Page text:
“One of the most subversive things about ‘The Unbreakable Kimmy Schmidt’ is the way the show satirizes the way that survivors are often victimized by a culture that cares more about juicy details than actual healing. The show also demonstrates how the ‘women are strong’ narrative that emerges from this culture might not be as feminist as one might hope. On the one hand, the narrative of female strength frees women from the stereotype of femininity as weak and submissive. On the other, it presents female strength as deriving entirely from the ability to endure patriarchal injustice after patriarchal injustice over and over again. In this way, ‘The Unbreakable Kimmy Schmidt’ also skewers ‘empowerment culture,’ from the girl power ethos of the 90s to today’s #yesallwomen activism. Women in empowerment culture band together out of necessity, not necessarily because they have a lot in common as individuals, or truly want to be friends, or comrades in arms. The four ‘mole women’ could not be more different from each other in interests, attitudes in life, cultural background, or intellectual ability. Similarly, Kimmy and Jacqueline bond over their identity as women and survivors, but could not be more different in about every other way imaginable.”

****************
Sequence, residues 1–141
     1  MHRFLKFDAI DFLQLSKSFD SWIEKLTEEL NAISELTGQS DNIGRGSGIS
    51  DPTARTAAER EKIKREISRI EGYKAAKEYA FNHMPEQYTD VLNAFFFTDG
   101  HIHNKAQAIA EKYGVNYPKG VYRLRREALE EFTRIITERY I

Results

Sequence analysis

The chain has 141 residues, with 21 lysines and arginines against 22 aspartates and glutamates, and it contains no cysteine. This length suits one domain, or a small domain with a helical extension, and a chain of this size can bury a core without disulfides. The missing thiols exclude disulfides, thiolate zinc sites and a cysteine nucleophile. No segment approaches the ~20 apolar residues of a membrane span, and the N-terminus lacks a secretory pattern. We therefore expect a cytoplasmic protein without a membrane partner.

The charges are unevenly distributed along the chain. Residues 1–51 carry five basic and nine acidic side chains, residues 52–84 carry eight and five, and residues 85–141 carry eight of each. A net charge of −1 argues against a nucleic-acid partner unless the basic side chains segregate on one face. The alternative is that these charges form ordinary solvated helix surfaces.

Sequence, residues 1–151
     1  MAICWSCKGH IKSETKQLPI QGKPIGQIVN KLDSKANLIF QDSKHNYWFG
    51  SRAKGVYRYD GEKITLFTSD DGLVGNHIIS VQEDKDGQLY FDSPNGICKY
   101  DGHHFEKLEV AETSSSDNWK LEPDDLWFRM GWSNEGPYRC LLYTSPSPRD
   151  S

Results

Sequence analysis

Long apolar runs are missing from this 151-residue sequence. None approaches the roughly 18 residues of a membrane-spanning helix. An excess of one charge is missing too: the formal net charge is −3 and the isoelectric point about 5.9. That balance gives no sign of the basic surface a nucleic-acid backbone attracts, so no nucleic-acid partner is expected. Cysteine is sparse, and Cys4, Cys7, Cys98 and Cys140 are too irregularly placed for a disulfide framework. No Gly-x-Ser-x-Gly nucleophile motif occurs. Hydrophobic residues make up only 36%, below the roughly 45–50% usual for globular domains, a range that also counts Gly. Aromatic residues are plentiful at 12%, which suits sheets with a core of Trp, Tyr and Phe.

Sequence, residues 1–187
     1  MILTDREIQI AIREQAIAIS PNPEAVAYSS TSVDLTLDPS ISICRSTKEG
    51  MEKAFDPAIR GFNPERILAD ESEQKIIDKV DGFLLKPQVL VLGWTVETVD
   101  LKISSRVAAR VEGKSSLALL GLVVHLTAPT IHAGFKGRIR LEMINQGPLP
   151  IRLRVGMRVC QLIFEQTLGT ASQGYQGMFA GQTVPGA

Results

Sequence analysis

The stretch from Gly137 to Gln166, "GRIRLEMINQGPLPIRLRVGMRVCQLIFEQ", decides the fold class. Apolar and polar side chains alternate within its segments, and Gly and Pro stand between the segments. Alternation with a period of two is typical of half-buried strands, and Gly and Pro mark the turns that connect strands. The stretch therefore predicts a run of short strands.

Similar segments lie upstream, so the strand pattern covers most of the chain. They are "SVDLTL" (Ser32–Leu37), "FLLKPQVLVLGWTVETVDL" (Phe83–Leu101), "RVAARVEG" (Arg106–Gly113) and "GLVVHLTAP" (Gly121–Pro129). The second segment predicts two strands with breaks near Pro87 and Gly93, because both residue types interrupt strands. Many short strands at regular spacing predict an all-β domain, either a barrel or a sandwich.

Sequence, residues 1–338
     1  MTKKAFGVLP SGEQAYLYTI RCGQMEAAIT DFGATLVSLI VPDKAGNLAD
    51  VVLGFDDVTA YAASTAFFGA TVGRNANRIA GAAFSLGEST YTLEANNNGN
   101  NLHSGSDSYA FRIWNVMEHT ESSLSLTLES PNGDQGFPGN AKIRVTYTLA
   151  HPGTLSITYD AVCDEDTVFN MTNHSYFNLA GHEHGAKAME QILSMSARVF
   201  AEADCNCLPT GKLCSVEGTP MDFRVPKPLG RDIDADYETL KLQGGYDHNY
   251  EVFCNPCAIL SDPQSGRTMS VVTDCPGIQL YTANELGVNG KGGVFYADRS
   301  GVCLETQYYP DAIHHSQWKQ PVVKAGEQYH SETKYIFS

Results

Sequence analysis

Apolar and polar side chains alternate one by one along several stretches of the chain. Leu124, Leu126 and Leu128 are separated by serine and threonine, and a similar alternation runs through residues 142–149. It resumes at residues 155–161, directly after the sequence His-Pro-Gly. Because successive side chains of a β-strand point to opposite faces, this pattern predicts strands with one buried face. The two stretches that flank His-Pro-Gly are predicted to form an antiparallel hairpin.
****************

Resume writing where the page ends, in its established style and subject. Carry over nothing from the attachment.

"Charles Grodin and the fine art of reaction in 'Midnight Run'": Scott Tobias of The Dissolve pays tribute to the criminally underutilized gifts of the brilliant character actor.
“Grodin has never cared about being liked, or at least he has never made it a priority. He relishes the chance to be a gnat constantly buzzing around the ear, dodging every futile attempt to swat it away. Grodin plays that gnat to perfection in Martin Brest’s ‘Midnight Run,’ one of the most entertaining studio movies of the 1980s, and Robert De Niro, irritable and erratic, does the swatting. But what makes this perhaps Grodin’s best performance is how much range he finds within the seemingly restrictive confines of his deadpan persona. ‘Midnight Run’ is funny as hell, and that’s owed in large part to the comic friction between Grodin and De Niro, but Brest and his screenwriter, George Gallo, are more ambitious in their conception of the film than ‘buddy comedy.’ To quote Adam Scott, who recommended the film on this site, the film is a ‘full meal,’ a road picture that features action, comedy, and a couple of lump-in-the-throat moments that require more from the actors than mere comic chemistry. While De Niro does a lot of hilarious, profane gesticulation in the film, Grodin affects a serene calm that nonetheless runs the gamut from calculated annoyance to a persistent decency that gives the story its heart. And often he does it with just a shift of the eyes.”
"Putting the 'use' back in fair use": The Washington Post's Sonny Bunch champions the art of the video essay.